A muscular man in military fatigues and a red beret stands holding a hunting rifle over a prone woman.
The actress playing the helpless villager wakes up, letting out a piercing scream.
“Finish them,” shouts another soldier to gasps from the stunned audience as a summary execution is played out before their eyes.
A new play, “1983: the Dark Years,” is rekindling memories of one of Zimbabwe’s most painful episodes: the “Gukurahundi” massacres, in which thousands of people were slaughtered at the height of the Mugabe era.
That the play is being performed in Zimbabwe at all testifies to the free expression that has blossomed since former president Robert Mugabe resigned last November.
Since then, theatres have staged audacious productions that have both poked fun at officials past and present as well as seeking to shine a light on their alleged misdeeds.
Previously such productions would have been harassed by the government and its supporters or banned outright.
But the fact that a play about Gukurahundi — a term that means “the rains which wash away the chaff” — has been tolerated by officials is even more striking.
Mugabe’s successor, President Emmerson Mnangagwa, is widely held to have been involved in the bloody campaign.
The operations, supervised by Mnangagwa who was then the security minister, were intended to crush dissidents in the Midlands and Matabeleland provinces but spiralled into a series of civilian massacres.
The 1982-87 crackdown was widely seen as an effort by then-prime minister Mugabe to vanquish his ally-turned-foe, the ethnic Ndebele liberation leader Joshua Nkomo.
Mugabe always refused to apologise for the killings — 20,000 mostly Ndebele victims according to some estimates — by the army’s now-disbanded North Korean-trained Fifth Brigade, describing it merely as “a moment of madness”.
‘TALKING ABOUT THIS IS TROUBLE’
Past mentions of the violence, including a report into the killings by the Catholic church and an art installation, drew angry reactions and bans from the government.
Mnangagwa in January insisted that Zimbabwe should look to the future, not the past, when asked about the killings during an interview at the World Economic Forum in Davos.
“1983” begins with a female character played by 28-year-old actress Proficience Cadder digging into her past after learning that she is the daughter of a soldier who raped her mother at the height of the violence.
“Talking about this is trouble enough already my daughter,” she is warned by her uncle who was there to witness the atrocities. “Forget about it.”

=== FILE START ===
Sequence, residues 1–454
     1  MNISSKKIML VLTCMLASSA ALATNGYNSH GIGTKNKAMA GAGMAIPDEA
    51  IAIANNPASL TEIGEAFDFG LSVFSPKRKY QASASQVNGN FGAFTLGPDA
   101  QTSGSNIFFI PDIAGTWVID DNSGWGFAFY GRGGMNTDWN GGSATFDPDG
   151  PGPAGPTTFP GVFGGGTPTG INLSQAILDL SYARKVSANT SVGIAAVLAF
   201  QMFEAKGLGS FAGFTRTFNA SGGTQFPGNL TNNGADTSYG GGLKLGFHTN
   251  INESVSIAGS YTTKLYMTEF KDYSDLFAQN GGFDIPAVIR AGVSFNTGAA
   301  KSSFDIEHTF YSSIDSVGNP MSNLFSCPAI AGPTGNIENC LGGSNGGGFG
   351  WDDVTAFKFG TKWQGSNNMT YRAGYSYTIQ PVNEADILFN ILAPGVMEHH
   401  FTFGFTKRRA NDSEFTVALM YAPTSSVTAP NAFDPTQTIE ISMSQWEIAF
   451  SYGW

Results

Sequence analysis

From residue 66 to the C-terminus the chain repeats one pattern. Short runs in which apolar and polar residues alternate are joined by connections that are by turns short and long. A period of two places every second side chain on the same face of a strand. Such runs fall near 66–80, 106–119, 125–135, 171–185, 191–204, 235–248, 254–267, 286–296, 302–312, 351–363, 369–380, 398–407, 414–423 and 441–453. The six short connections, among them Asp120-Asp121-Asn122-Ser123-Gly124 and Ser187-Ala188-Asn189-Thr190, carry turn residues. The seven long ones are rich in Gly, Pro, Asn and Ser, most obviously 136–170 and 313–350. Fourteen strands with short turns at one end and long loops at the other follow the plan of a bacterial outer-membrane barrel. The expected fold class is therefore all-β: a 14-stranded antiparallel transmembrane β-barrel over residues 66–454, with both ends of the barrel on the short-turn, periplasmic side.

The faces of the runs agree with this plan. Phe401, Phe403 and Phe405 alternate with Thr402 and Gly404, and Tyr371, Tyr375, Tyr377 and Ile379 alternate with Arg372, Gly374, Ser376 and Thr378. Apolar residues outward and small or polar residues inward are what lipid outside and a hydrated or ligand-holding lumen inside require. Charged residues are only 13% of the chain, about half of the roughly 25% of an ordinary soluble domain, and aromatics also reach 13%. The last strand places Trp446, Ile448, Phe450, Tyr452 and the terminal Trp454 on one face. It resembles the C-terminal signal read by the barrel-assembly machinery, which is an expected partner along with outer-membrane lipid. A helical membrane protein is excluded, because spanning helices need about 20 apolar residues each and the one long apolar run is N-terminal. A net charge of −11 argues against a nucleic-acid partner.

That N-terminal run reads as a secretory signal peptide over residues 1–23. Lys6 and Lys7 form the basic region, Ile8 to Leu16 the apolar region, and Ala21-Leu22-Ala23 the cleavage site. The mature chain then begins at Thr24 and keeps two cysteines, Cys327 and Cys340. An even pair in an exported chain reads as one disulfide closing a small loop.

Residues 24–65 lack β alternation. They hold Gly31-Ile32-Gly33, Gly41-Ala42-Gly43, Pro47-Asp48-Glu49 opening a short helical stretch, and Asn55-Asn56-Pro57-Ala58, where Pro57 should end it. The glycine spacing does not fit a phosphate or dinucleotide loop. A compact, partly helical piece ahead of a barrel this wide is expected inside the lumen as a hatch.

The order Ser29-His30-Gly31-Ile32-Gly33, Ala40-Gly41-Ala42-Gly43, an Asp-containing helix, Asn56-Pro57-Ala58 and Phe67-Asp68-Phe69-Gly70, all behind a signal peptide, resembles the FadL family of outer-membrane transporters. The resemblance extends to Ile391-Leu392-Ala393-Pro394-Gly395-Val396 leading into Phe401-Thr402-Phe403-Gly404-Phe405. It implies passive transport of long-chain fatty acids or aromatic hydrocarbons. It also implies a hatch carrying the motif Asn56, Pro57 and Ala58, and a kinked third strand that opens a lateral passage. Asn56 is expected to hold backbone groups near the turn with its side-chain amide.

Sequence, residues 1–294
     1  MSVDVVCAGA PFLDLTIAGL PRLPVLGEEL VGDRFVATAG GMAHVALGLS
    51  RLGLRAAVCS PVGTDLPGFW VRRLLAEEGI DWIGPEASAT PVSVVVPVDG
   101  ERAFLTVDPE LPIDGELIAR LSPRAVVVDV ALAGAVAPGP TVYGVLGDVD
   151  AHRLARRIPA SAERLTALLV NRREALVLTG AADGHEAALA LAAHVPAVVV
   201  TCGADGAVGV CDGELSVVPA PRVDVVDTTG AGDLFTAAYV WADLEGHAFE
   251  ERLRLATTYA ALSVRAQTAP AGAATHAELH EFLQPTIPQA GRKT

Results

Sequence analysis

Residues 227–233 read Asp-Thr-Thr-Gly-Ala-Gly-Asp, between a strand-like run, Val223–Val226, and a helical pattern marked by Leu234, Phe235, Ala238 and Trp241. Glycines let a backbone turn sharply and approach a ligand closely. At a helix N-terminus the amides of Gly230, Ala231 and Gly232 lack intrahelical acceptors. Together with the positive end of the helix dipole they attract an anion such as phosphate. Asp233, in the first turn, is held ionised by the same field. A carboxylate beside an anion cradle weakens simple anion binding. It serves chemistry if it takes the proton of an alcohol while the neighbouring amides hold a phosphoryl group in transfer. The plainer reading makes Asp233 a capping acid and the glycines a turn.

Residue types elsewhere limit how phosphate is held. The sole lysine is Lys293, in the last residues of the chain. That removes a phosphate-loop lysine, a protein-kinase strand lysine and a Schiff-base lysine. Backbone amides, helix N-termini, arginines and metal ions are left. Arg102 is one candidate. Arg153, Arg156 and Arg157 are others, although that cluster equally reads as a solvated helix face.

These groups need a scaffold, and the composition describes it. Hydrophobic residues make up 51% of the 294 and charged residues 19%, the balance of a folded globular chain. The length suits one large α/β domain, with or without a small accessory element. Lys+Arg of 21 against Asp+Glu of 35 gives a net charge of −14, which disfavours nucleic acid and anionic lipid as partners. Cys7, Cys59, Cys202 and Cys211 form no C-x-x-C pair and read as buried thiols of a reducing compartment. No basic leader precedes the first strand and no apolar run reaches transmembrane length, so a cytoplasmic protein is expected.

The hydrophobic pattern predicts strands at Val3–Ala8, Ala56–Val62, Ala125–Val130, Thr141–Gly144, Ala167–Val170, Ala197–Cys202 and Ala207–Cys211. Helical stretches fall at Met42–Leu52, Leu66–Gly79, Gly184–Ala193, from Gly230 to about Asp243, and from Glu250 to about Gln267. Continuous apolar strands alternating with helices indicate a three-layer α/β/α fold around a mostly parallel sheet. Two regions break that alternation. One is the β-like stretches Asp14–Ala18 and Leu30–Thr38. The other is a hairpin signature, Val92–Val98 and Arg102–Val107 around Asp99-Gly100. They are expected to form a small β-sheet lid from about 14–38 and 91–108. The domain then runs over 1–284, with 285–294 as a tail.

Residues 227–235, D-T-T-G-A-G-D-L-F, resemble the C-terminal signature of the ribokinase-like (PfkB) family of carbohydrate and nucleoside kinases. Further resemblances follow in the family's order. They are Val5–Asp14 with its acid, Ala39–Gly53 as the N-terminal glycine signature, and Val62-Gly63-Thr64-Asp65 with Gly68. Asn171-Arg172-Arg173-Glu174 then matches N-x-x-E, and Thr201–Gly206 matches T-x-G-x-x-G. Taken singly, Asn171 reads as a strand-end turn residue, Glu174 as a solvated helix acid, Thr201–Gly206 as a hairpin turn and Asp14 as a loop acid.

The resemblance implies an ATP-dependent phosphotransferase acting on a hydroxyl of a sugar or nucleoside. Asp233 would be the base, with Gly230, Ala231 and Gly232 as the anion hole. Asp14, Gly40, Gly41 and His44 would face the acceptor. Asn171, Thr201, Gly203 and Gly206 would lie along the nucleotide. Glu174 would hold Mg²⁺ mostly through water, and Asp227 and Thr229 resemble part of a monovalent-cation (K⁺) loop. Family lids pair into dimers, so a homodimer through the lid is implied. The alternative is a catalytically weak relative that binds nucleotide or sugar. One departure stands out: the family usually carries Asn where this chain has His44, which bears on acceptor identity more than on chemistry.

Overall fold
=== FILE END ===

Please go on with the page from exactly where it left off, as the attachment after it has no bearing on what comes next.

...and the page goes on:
He then described in graphic detail how the soldiers forced the mother of Cadder’s character to kill her own baby.
“You may never know your father unless and until he comes here to this village and says ‘where are my children’,” said the uncle.
The play unusually blends the distressing narrative with elements of song, dance and even humour to recount the dark period of Zimbabwe’s history.
Written by Bhekumusa Moyo in 2011, the play was banned by the government the following year and was only unbanned following Mugabe’s resignation.
‘WE ARE LISTENING’
“There are so many children from Matabeleland who, up to today, they do not know their backgrounds. It affects their living,” director Adrian Musa told AFP.
“Many children from Matabeleland were affected by Gukurahundi — even now they are affected.”
Audience member Bester Moyo, who grew up in Matabeleland’s largest city Bulawayo, said the play had brought back bitter memories of the suffering she endured along with her family.
“We were so troubled during that time as a family that we fled to live in the bush in pits, our property was destroyed. We became destitute,” she said.
“I was young but I still have the vivid memories… it is not enough to say I am sorry.”
Davies Guzha, a director of Harare’s Theatre in the Park where the play was staged, said that Gukurahundi needed to be discussed openly.
The Theatre in the Park was also responsible for staging “Operation Regasi”, a comic play that mocked Mugabe’s final months in power.
“We believe we are doing the right thing. We believe that the discussion around Gukurahundi was long overdue,” he said.
During one performance of “1983”, Guzha introduced the audience to Sello Nare — a retired judge who will chair the government’s recently-announced national peace and reconciliation commission that will investigate the Gukurahundi massacres.
“We are listening. We have heard what has been said and all what the play is all about,” said Nare.